Though the basic purpose of meditation is to reduce stress in your mind and body, it is never about discarding or avoiding the thoughts or emotions that are stressing you out.
Meditation, at its core, is about strengthening your mind so that you can better handle your negative emotions.
“The goal of meditation is … to become more aware of your thoughts and emotions and learn how to move through them without getting stuck.” – Dr. P. Goldin
There are many types of meditation, like body scan, breath awareness, loving-kindness, transcendental, and mindfulness.
What Is Mindfulness Meditation In Psychology?
Mindfulness meditation is the psychological process of bringing one’s focus to their internal and external experiences in the present moment. It is a type of reflective meditation during which one gains awareness of the feelings, emotions, or thoughts as and when they arise. The main goal of mindfulness meditation is to reduce stress and become more present.
Mindfulness mediation trains our inner observer to be watchfully aware of our thought processes as if we are looking up and watching our thoughts pass by like clouds in the sky. It is somewhat the same as intently watching ourselves in a dream while being aware that we are dreaming.
Mindfulness meditation is a practice of self-awareness in the present moment, without judgment.
Jon Kabat-Zinn, the most famous Western researcher on mindfulness and the author of the bestseller Full Catastrophe Living, explains it in the following words:#Mindfulness means paying attention in a particular way: on purpose, to the present moment, and without judgment. — Jon Kabat-Zinn Click To Tweet
It has been shown to increase happiness and optimism, enhance creativity and emotional intelligence, and improve attention and resourcefulness.
How Did Mindfulness Meditation Become A Therapeutic Technique?
Mindfulness meditation is an ancient therapeutic technique that has been around for over 2,500 years. It was initially used as a way to manage mental anguish and stress.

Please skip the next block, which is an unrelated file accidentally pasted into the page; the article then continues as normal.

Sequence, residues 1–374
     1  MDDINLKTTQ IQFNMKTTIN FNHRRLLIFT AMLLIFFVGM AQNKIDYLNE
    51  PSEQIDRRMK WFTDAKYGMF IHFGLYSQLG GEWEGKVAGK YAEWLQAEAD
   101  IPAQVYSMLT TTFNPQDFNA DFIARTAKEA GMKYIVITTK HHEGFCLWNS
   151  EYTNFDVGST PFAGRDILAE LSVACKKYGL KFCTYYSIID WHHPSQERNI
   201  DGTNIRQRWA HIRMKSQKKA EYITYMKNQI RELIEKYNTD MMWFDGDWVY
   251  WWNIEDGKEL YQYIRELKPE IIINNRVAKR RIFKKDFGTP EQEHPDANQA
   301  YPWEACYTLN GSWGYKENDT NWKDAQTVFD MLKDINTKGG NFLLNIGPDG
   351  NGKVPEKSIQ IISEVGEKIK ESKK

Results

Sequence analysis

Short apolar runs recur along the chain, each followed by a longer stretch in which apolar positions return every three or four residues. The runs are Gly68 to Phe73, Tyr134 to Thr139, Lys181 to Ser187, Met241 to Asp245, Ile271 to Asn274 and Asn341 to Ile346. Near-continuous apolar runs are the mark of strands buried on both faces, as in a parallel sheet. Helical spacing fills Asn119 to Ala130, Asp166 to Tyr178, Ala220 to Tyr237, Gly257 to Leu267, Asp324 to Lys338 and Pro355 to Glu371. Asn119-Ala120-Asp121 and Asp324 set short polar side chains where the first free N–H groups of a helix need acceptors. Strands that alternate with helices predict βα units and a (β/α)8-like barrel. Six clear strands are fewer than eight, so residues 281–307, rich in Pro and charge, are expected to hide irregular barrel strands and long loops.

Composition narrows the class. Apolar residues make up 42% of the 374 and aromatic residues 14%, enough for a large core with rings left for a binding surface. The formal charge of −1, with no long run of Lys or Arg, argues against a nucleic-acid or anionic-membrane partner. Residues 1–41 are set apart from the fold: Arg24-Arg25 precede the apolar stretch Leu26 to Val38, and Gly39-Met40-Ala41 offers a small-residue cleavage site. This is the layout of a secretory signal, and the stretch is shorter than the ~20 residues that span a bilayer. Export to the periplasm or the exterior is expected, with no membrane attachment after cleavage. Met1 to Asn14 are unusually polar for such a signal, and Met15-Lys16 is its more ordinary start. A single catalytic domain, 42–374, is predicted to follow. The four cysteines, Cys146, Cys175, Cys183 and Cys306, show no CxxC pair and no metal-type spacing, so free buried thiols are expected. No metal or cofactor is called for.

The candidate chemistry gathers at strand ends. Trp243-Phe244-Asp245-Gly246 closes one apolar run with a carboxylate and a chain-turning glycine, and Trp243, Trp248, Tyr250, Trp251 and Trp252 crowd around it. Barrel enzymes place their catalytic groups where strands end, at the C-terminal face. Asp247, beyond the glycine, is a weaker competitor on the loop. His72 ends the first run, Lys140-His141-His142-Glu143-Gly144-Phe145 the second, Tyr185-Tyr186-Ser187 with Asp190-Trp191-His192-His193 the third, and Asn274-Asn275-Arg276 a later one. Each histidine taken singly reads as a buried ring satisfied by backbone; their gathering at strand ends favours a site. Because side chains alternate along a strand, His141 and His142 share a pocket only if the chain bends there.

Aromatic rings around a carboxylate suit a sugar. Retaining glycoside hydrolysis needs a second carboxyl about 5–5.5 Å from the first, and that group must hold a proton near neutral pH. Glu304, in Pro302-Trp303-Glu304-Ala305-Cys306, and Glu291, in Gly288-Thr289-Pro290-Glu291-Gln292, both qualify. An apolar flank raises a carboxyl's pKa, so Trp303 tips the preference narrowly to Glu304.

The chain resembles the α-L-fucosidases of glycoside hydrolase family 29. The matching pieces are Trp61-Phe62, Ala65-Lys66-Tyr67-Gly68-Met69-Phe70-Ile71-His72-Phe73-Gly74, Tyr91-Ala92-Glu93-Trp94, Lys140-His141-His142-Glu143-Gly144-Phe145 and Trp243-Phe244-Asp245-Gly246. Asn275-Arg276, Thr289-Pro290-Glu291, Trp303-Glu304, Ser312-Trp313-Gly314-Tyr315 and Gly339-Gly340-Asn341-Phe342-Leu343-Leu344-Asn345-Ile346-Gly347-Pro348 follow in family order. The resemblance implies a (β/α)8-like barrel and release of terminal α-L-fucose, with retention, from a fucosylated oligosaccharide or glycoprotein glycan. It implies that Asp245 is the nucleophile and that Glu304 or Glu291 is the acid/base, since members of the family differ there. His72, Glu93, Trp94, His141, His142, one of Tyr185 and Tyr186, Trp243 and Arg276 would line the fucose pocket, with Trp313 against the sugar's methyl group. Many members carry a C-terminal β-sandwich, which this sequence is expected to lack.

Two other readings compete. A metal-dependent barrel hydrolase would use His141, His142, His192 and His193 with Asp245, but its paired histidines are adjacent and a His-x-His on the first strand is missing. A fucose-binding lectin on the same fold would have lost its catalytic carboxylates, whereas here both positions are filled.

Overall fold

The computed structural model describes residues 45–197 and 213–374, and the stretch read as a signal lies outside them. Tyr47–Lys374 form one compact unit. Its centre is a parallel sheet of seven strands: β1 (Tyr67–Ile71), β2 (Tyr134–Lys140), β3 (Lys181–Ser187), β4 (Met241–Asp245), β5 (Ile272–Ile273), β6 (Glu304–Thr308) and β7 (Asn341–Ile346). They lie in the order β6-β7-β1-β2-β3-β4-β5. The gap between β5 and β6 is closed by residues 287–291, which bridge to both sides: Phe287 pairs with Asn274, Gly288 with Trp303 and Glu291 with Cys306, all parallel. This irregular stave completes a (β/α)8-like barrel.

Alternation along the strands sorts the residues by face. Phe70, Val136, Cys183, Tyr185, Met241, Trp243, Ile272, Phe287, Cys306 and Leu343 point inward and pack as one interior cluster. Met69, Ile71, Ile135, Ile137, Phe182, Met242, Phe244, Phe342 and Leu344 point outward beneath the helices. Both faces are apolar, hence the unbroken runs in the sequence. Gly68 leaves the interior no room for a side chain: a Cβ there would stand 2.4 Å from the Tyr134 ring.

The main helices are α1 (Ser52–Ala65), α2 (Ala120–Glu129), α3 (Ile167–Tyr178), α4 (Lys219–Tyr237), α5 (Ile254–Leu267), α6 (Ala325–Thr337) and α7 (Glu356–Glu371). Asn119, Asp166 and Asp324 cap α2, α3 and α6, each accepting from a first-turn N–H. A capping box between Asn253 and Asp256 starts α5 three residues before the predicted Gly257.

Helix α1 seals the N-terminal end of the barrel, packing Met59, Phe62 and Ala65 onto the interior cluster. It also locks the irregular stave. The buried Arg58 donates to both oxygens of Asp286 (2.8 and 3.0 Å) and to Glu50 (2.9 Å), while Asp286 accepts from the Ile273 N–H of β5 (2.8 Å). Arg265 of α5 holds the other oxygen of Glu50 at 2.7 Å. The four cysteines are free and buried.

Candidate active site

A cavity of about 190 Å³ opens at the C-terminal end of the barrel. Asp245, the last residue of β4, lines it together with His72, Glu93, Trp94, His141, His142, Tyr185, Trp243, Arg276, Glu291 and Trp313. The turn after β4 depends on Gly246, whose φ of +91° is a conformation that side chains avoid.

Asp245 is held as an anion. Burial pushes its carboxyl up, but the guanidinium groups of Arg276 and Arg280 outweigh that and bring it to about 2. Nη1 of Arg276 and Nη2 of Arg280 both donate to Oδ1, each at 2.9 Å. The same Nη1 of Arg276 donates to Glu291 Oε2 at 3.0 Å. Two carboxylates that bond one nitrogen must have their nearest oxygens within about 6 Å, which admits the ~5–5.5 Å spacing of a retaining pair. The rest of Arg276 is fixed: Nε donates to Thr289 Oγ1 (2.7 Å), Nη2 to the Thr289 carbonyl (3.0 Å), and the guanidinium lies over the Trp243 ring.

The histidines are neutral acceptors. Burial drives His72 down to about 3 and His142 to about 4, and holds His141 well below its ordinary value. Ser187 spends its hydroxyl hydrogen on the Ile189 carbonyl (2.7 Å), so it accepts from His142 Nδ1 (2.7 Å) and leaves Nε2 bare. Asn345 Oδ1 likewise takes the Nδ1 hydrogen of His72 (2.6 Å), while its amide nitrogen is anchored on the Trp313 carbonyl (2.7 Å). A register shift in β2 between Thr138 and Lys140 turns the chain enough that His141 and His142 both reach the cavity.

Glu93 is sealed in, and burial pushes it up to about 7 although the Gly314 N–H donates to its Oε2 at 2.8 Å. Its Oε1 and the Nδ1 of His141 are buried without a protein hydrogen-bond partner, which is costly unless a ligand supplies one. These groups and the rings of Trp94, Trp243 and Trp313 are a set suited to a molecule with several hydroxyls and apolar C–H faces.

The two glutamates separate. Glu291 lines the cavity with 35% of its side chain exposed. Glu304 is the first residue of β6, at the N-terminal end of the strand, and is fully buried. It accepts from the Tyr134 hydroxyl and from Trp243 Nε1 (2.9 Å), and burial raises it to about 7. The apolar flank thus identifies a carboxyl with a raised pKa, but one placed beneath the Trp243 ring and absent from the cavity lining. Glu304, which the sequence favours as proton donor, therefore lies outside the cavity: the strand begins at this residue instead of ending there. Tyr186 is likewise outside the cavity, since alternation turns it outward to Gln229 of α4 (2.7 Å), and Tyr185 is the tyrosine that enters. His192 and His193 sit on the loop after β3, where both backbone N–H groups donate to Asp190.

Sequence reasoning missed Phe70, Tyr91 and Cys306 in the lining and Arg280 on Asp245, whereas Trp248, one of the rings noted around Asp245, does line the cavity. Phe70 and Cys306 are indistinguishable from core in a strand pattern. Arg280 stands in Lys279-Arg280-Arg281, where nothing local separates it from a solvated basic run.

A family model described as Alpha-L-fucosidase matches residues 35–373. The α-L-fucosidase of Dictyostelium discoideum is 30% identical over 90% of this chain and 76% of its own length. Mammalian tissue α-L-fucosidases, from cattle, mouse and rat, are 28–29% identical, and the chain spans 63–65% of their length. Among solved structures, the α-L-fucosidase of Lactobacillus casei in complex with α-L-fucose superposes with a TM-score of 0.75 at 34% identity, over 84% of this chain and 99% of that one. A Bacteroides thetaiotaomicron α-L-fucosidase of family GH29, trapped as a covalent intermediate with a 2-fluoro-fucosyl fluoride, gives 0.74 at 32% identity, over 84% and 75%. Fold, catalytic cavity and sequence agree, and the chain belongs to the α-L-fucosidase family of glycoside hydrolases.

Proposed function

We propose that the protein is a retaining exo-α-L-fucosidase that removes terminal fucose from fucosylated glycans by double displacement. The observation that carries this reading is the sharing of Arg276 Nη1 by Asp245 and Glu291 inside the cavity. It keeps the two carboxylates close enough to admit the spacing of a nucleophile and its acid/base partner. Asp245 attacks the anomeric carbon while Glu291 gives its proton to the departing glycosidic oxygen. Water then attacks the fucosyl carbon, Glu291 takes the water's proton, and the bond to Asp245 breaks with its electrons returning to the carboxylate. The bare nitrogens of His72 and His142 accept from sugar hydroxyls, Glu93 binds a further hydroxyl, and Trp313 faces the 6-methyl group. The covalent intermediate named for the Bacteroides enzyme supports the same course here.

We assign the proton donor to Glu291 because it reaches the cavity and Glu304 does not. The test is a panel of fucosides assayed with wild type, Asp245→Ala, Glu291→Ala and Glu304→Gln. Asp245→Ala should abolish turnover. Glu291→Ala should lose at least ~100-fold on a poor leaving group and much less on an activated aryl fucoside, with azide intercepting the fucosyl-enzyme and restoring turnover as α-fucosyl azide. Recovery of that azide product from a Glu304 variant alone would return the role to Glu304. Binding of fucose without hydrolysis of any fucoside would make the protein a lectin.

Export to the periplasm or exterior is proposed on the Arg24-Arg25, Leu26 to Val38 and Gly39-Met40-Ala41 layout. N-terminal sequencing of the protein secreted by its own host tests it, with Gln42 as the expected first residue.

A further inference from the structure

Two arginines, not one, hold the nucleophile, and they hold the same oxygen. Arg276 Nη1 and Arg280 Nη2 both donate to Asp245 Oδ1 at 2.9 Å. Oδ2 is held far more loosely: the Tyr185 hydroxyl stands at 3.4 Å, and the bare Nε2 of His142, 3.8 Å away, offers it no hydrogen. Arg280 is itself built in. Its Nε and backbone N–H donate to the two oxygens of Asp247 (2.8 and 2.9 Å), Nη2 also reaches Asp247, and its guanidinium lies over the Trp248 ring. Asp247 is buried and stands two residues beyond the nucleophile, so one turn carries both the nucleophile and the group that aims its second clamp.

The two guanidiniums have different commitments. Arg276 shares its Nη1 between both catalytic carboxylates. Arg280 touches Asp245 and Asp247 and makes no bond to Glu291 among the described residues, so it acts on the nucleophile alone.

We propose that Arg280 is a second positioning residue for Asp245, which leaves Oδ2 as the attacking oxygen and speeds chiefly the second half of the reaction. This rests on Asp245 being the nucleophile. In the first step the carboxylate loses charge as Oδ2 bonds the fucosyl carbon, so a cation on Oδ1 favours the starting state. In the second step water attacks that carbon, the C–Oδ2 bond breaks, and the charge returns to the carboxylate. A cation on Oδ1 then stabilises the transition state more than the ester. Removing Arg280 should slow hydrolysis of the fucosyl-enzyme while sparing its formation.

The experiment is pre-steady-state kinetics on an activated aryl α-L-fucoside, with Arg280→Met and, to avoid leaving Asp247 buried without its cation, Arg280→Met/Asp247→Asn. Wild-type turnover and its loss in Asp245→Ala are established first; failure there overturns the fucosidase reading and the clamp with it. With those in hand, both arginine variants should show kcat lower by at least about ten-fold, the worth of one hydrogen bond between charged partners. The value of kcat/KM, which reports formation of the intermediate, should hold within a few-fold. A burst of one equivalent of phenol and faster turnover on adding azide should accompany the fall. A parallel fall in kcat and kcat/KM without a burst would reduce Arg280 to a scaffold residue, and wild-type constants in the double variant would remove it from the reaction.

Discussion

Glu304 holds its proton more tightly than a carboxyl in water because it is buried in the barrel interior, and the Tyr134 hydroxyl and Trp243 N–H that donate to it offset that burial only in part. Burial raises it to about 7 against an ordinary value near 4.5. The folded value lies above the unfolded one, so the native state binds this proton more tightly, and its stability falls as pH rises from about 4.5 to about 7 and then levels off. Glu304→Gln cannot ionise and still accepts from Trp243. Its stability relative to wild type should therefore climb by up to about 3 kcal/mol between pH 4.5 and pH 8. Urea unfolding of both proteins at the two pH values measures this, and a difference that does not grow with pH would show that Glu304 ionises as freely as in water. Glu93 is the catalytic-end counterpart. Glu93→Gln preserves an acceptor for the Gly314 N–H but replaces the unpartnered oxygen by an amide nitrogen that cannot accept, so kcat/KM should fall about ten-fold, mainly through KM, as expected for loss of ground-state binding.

The practice of mindfulness meditation gained popularity around the 6th century BCE, from the time of Buddha. Mindfulness meditation was later formally codified by Buddhist teachers and was introduced to the West by Theravada Buddhist monks in the 20th century.
The early Buddhist texts on mindfulness meditation were translated into English in the late 1950s and 1960s, leading to increased interest in this form of meditation.
In the last few decades, mindfulness meditation has grown in popularity as an effective treatment for anxiety, depression, chronic pain, addiction, and other mental health problems.
The practice of mindfulness meditation has some key differences when compared to other forms of meditation such as transcendental or Vipassana. It is often described as more “active” and “in the moment”.
Jon Kabat-Zinn is a pioneer in the field of mindfulness studies. His work since the 1970s has been instrumental in bringing mindfulness to mainstream medicine and society.
The first edition of Jon Kabat-Zinn’s book “Full Catastrophe Living: Using the Wisdom of Your Body and Mind to Face Stress, Pain, and Illness” was published in 1990, which popularized these practices among professionals outside traditional Asian communities.
Kabat-Zinn is also the founder of the Mindfulness-Based Stress Reduction (MBSR) program at the University of Massachusetts Medical Center, USA.